Whew! I just got home from a whirlwind trip to New York City to visit public gardens, and does Austin ever feel blissfully small and non-crowded in comparison to Manhattan. The High Line was the highlight, and I’ll have pictures for you soon. But first I’ve been wanting to share my recent visit to Redenta’s Garden in Arlington, between Dallas and Fort Worth.


This is the second Redenta’s location I’ve visited. The first was Redenta’s smaller Dallas shop and urban nursery, which carries contemporary pots and accessories that reminded me somewhat of West Coast garden shops I’ve visited.


Both locations have a hip potting bar where you can plant up containers with succulents and cactus.


Fermob bistro sets and other colorful, contemporary garden seating can be found here as well.


I imagine tender succulents are tucked in the greenhouse in the winter, but on this October visit it was open to refreshing breezes.


In addition to contemporary style, Redenta’s is known for its native plant selection, and that’s what the suburban Arlington location really offers: room for more plants.


While Redenta’s isn’t as big as Austin’s Barton Springs Nursery, not to mention The Natural Gardener, it does have a nice selection of drought-tolerant beauties like hesperaloe with yellow bloom spikes as well as the standard coral-pink. I think I see some red ‘Brakelights’ in there too.


The yellow hesperaloe echoes the color of a classic motel chair sitting by a silver Airstream camper in the display yard. I could tell this area is usually a focal point of the grounds, with seating and pots on an urbanite (recycled concrete) patio, shaded by a striped awning. But we visited the day after a strong windstorm had hit the Dallas area, and the nursery was still picking up after the damaging winds.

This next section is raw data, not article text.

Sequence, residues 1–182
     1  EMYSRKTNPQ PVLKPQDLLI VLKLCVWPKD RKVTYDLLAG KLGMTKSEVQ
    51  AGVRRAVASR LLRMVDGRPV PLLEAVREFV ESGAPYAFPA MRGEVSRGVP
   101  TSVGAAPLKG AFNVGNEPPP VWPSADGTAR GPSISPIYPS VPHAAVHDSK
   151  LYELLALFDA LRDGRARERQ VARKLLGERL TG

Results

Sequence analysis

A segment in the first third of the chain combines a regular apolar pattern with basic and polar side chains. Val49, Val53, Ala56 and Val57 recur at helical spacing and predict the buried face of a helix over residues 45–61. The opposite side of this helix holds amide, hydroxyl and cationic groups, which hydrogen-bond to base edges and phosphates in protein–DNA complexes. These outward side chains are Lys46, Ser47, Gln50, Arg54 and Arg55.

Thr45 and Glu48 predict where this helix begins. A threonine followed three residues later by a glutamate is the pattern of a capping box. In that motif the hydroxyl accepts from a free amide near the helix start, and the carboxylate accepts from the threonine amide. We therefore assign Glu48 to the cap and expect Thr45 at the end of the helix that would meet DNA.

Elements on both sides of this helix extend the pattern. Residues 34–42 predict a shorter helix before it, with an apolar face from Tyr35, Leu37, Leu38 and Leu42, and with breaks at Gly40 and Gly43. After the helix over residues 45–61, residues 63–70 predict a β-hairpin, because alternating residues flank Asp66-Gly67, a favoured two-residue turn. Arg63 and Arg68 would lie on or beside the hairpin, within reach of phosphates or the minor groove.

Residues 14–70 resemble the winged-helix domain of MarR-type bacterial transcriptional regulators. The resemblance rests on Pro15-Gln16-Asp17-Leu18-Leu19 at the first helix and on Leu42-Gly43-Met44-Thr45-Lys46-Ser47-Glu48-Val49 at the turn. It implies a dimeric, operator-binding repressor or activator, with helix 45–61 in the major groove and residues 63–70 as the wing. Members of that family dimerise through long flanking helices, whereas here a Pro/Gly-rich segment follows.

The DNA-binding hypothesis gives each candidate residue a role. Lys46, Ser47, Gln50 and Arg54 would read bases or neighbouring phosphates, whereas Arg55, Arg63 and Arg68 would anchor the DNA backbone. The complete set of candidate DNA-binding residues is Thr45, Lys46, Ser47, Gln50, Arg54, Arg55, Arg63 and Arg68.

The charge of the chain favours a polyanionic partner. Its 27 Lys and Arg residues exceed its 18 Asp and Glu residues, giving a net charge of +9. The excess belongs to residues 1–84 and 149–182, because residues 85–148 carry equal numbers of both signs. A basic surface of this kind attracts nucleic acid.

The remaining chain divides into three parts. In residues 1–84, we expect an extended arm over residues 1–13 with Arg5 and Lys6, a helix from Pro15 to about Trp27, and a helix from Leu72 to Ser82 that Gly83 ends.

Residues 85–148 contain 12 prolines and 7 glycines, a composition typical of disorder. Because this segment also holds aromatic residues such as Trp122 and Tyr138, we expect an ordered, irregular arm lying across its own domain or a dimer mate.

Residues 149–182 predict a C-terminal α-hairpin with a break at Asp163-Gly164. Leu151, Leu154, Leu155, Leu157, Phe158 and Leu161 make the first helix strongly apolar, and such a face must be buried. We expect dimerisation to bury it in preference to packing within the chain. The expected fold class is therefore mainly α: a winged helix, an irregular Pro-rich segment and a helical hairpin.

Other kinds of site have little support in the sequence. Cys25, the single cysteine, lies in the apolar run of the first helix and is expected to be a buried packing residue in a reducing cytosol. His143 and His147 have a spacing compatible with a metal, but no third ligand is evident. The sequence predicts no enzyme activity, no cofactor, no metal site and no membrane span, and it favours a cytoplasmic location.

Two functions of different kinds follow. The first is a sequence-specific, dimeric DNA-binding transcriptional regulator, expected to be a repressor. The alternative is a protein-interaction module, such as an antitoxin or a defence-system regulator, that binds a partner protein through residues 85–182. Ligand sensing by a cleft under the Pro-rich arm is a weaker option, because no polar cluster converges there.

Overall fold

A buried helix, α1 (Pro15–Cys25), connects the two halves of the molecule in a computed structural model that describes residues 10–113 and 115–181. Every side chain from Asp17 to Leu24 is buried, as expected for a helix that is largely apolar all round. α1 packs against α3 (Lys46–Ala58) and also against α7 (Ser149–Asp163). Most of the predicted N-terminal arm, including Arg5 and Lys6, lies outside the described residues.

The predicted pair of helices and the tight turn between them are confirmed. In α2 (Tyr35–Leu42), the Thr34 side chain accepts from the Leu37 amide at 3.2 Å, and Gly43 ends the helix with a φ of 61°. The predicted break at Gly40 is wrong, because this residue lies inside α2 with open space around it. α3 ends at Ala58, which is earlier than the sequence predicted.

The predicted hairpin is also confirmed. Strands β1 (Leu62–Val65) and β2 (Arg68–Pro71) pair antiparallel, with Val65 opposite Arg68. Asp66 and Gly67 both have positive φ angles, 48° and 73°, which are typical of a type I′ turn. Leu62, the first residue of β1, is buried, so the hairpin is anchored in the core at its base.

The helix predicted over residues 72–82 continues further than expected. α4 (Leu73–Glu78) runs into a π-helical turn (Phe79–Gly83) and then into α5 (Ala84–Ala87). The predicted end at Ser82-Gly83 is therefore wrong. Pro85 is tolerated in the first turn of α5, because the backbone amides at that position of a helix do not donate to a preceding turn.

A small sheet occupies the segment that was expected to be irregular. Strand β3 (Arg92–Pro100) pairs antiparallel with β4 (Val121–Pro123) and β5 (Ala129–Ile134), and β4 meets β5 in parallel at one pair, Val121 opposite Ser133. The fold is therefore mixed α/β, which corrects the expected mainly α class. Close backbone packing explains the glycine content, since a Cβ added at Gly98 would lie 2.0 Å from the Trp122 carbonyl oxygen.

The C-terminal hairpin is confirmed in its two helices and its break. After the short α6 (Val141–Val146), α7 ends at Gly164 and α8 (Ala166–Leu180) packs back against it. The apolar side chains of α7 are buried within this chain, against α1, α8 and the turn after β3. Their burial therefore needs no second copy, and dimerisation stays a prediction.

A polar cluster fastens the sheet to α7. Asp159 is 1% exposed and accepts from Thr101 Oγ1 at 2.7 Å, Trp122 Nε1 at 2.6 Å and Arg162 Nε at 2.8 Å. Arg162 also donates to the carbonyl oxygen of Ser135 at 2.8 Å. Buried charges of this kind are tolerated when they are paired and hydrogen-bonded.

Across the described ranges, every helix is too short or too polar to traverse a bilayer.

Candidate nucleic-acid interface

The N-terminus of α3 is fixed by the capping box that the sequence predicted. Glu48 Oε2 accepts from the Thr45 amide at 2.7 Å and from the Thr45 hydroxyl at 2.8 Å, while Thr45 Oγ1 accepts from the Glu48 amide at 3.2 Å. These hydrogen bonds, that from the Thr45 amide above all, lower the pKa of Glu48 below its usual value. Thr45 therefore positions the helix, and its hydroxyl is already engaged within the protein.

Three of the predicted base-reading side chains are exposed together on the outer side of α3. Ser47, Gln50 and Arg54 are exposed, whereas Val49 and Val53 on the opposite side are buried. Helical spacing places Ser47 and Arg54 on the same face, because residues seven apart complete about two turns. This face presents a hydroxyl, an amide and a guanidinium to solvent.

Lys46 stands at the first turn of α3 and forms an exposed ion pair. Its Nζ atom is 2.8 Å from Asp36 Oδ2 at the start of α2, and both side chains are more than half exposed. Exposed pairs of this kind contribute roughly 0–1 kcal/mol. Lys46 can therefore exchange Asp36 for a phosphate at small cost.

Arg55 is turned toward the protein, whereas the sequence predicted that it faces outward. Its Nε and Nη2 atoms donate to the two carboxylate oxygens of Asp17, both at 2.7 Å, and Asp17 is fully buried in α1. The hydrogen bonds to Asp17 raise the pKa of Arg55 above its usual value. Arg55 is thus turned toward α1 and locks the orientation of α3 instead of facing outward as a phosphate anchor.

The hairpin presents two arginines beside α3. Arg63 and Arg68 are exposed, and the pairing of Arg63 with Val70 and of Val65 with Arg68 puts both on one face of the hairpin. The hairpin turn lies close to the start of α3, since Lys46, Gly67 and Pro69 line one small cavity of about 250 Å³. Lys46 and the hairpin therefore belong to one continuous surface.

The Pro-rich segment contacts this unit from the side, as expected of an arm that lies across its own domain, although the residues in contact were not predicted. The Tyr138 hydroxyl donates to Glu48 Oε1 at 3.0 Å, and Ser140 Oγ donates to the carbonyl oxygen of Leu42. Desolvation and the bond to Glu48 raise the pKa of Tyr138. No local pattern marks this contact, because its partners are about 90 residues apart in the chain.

Yucca rostrata shadows and a succulent “R” for Redenta’s add punch to this vignette.


At the other end of the yard, more seating is grouped around a metal-ring fire pit, surrounded by pots of agave, yucca, and prickly pear.


This is very “Austin,” don’t you think?


The Yucca rostrata were tempting, but how would I get one home? Instead I was drawn to the display of Hover Dishes on the front porch. I haven’t found these for sale anywhere in Austin (although I’ve ordered one directly from the Vancouver manufacturer, Pot Inc.), but Redenta’s had a great selection.


I selected the orange Dolga pot, and my DH gave it to me for my birthday, which just happened to be that day. Perfect timing for a visit, eh? I’m going to hold onto it over the winter and plant it up with succulents in the spring. Or maybe I’ll fill it with pumpkins and hang it right now!


Inside the shop, Redenta’s has more containers and garden accessories…


…including a selection of Steel Life containers, which are also hard to find at Austin nurseries.


Overall I like the Dallas Redenta’s better for their garden-shop offerings, but the Arlington location has a bigger plant selection and more outdoor furniture. Lucky Dallas-Forth Worth gardeners to be able to shop at both!

For a tour of the Dallas Redenta’s, click here.

All material © 2006-2014 by Pam Penick for Digging. Unauthorized reproduction prohibited.